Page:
Topic outline

  • The Sir John Manduell Research Forum Series, Forman Lecture Theatre

    Conservatoire: a place for musicians who think about what they do

    Almost every week in term-time, you can take a break from your rehearsals, practice, teaching, administration, research activities or whatever else you are up to, and come along for some refreshing mental stimulation, hopefully in an area of musical activity that you may not yet be that familiar with. The Research Forum programme brings a mixture of members of RNCM staff and guest speakers from around the world to make a presentation on some aspect of their work – whether it’s musicological, creative, educational, music-psychological or other kinds of research (by which we mean 'all kinds of thought and reflection that musicians do about what they do as musicians'). The talk lasts about 45 minutes and then the floor is open for questions, discussion, and, if you’re lucky, the odd bit of (strictly intellectual) fisticuffs. Discussions continue afterwards in the bar and usually the hard core move onto supper nearby. See below for this term’s programme and, especially, the sheer diversity of topics that will be covered and the range of presenters: all that is needed to make it work is YOU! Looking forward to seeing you as often as you can make it.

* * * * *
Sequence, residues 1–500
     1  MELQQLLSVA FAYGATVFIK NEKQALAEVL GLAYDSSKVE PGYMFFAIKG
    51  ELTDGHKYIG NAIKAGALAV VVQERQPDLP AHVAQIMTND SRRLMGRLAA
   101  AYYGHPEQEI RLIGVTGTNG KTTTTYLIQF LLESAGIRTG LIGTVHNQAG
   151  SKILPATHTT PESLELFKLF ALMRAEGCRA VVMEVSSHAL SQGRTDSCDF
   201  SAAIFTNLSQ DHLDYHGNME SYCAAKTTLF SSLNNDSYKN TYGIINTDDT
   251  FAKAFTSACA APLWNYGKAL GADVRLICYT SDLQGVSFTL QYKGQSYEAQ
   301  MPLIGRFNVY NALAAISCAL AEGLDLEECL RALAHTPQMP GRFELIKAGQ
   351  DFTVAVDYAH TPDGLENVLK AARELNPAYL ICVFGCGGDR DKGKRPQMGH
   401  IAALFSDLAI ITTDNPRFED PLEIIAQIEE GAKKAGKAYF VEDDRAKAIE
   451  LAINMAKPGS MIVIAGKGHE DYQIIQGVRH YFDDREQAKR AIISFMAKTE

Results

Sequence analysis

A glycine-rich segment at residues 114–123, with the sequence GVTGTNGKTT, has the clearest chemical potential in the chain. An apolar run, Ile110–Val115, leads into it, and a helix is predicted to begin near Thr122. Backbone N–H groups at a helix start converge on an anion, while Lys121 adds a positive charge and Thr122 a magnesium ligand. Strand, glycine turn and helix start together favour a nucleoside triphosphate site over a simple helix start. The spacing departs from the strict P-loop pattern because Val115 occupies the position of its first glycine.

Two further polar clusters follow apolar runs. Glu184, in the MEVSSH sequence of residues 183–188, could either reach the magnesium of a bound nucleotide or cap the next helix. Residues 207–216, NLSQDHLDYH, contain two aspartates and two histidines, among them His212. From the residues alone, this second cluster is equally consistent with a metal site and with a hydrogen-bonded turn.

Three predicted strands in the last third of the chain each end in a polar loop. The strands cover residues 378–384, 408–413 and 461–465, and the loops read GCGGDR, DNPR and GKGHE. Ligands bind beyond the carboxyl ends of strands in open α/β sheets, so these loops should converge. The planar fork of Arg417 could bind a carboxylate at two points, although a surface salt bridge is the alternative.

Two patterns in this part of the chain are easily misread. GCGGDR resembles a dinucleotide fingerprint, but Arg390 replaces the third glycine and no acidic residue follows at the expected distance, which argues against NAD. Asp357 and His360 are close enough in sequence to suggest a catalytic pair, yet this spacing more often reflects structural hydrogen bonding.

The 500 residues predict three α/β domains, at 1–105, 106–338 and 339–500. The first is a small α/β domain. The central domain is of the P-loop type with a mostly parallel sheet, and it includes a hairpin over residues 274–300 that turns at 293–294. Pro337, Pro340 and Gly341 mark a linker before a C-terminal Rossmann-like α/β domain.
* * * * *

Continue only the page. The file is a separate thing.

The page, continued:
• Research Forum 2017-18

    Wednesday 11 October 2017 4:15pm

    Dr Fabrice Fitch (RNCM)

    Constructing Canons: Compositional Process and Ockeghem's Prolation Mass.